Besides affording valuable evidence upon the local customs of ancient farms in Northumberland the above case is also interesting upon the general question of the origin and customs of the common field system, because it shows a still more archaic method of cultivation than is found to be the case with regard to common fields in England generally. According to Professor Vinogradoff, the latest writer on the subject, and one of the most careful investigators of the ancient muniments bearing upon it, the re-division of the arable land is not generally found in the documents of the middle ages. There is, according to those documents, no shifting of the arable strips, and Professor Vinogradoff compares the strips in the arable fields to the ice-bound surface of a Northern sea. He says, “It is not smooth, although hard and unmovable, and the hills and hollows of the uneven plain remind one of the billows that rolled when it was yet unfrozen.'60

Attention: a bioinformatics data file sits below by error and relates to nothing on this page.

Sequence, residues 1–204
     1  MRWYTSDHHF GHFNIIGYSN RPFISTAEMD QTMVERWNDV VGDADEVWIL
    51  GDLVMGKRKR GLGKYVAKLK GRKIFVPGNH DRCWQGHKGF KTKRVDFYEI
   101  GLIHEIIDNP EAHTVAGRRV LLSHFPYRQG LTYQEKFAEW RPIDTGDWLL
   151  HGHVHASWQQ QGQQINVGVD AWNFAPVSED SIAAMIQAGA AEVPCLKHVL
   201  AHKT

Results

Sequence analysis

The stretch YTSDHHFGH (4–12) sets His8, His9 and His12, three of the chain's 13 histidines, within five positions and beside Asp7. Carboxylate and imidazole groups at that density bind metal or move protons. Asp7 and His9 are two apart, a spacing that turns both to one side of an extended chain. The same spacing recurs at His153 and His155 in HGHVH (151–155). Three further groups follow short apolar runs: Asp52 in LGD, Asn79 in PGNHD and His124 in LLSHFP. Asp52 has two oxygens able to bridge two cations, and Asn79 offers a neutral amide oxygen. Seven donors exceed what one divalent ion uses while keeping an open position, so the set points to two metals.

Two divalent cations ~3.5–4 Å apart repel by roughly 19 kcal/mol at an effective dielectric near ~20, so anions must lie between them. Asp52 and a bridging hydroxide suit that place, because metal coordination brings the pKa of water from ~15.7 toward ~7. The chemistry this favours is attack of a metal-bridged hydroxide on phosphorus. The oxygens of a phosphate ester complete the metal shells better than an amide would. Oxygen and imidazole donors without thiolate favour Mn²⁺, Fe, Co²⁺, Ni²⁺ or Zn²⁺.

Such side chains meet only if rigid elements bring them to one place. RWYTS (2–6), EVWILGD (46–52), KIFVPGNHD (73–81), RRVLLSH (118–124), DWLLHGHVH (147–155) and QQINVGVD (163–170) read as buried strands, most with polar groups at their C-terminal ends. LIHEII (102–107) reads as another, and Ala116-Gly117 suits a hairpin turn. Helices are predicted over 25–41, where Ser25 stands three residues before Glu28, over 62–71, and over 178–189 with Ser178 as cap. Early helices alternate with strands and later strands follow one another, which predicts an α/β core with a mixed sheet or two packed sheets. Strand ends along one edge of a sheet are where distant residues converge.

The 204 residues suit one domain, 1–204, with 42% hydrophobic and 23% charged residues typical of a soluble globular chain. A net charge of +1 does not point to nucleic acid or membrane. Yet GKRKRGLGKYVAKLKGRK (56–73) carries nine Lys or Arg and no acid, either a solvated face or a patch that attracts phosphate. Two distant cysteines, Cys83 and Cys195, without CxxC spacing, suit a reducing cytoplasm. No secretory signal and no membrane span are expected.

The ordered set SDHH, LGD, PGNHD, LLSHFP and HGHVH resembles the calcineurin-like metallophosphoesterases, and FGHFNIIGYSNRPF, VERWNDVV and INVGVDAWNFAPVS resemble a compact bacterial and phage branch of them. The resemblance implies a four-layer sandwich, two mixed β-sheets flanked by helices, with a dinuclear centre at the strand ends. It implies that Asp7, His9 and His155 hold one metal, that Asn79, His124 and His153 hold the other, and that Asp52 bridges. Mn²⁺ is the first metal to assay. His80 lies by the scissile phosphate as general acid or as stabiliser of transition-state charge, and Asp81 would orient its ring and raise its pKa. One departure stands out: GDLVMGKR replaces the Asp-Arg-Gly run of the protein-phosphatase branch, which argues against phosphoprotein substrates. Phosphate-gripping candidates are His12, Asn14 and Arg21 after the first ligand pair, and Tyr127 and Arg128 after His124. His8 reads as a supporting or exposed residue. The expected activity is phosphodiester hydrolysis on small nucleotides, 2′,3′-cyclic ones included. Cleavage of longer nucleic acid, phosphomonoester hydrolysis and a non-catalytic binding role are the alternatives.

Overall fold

Mr. Elton also, in his Origins of English History, 61 after mentioning that in several parts of Germany the land held in common was divided by lot, the drawings for the arable having originally been held once in three years, but afterwards at longer intervals, goes on to say :— It is true that there is hardly any documentary evidence to show that the arable in England was ever divided in this way.' He adds in a foot-note that it is said that the Enclosure Commissioners had met with instances of arable which was distributed by lot. The statement as to North Middleton does not mention whether the distribution was effected by lot,62 but it states clearly that there was a redistribution, and this statement is therefore a not unimportant contribution to the literature existing on the subject. To follow up the simile used by Professor Vinogradoff, it shows a portion of the sea still unfrozen and its waves still in motion.63